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Whistler's media democracy compromised for 2010 Games

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As the host towns, Whistler and Vancouver prepare to welcome the world in 2010, local media democracy is feeling the effects of increased censorship.

During a routine interview, local journalists were informed by Whistler Mayor, Ken Melamed that he would no longer be speaking to local press, unless they went through the RMOW's Communications Department first. Effective immediately, all media inquiries would be need to go through the municipality's communications department.

The new protocol upset some local reporters, since they had fostered a long-term relationship with the mayor, often calling him after-hours to ask him questions. The attack on media democracy actually began in January, when the town's administrator moved council meetings from Monday to Tuesday evening (giving reporters far less time to ask questions for the weekly Thursday publication).

There's a rumour swirling around town that council meetings will be cancelled all together six months before the Olympics (i.e. Oct 2009- March 2010).

Why should elected officials remain accountable to the general public and taxpayers, when there are hotdogs and stuffed animals to sell, and security cameras to install?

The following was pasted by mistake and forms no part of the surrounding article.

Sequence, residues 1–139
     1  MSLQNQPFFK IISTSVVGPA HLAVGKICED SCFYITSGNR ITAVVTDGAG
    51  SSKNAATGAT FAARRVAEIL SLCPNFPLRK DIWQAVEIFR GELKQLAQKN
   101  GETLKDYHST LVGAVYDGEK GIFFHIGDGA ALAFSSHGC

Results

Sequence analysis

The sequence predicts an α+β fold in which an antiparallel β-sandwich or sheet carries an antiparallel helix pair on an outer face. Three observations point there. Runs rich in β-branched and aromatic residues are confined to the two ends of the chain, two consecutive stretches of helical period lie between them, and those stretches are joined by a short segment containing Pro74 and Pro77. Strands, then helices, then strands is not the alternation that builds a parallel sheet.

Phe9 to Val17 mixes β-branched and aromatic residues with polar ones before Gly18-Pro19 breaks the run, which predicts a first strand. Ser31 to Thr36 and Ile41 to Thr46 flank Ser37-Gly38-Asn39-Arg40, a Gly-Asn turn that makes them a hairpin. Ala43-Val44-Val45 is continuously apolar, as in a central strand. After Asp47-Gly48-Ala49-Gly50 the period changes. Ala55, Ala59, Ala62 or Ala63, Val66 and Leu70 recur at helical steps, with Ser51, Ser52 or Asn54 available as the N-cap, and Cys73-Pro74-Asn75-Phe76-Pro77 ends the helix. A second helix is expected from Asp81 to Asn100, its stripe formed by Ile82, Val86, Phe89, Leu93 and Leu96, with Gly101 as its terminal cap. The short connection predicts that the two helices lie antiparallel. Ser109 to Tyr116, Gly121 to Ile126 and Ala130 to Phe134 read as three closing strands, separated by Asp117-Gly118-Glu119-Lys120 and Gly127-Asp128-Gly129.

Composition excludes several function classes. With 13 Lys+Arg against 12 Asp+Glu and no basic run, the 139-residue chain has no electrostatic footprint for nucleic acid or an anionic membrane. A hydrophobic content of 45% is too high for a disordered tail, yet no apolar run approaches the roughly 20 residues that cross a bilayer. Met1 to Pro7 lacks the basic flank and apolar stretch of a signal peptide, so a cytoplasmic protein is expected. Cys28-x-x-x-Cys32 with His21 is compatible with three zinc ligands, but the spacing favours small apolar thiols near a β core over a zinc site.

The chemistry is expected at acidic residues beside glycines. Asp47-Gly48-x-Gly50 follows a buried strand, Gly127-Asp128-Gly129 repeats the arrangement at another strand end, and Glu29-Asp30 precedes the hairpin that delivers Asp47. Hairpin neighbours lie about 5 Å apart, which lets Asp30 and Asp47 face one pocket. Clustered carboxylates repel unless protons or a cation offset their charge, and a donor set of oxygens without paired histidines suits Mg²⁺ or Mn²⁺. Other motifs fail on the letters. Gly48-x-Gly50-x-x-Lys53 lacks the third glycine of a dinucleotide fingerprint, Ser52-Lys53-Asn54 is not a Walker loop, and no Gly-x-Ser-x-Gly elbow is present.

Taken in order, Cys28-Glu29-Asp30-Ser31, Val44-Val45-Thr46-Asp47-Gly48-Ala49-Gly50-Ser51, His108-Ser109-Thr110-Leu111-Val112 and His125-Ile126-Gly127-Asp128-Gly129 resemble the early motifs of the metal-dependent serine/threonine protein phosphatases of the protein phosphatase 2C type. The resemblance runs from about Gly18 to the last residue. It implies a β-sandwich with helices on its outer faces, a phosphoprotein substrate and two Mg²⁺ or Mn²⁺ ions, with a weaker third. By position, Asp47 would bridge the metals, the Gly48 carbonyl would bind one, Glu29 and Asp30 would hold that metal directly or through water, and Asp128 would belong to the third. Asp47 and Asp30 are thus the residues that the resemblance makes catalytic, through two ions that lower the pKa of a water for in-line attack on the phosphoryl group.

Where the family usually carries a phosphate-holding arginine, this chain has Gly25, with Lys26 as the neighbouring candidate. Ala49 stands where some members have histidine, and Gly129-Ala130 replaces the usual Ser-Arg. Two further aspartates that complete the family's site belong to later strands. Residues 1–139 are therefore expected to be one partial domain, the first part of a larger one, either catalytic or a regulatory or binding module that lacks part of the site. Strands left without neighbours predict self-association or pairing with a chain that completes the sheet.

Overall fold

At the March 2 council meeting, Mayor Melamed reminded local media about the Resort Municipality of Whistler's 2005 Communications Plan. Although the plan hadn't been enforced until last week, it states that all councillors must consult with the management before responding to any media requests. This new protocol also applies to all municipal staff. No advisory, either verbal or written, had been issued to the media about the new policy.

Melamed added that the plan is in effect now because of the large volume of media calls he's been receiving in the one-year countdown to the Olympics. He told the public, "It's in the community's interest to have clear, consistent, factual communication that goes out. Really, all we're trying to do is manage our reputation."

Could it be that Whistler's elected officials "let too many cats out of VANOC's bag?" Have there been too many information leaks, especially when it came to questions about accountability about the controversial 2010 Celebrations Plaza, destroyed wetlands and rising Olympic-related costs? Whatever the reason, it's clear that the powers up believe it's time to minimize information leaks.

Most councillors didn't even know this policy existed -- not even the two incumbents. Free-thinking councillors like Eckhard Zeidler and Grant Lamont said they will continue to speak to the media and the public -- directly, and face the wrath of the Communications Department.

As a resident of Whistler, I am very concerned about the impediments being placed between our elected officials and the local media. It makes it increasingly difficult for average citizens to get the information they need to decide whether those in government, both hired and elected, are acting in their best interest.

I guess we can look forward to even more diluted news coming out of the RMOW and VANOC in the next 12 months. I gather Mayor Melamed is serious about the new policy, because he changed his cell phone number last week.

Got any questions? Please call the RMOW's Communications Department at 604-935-8104.

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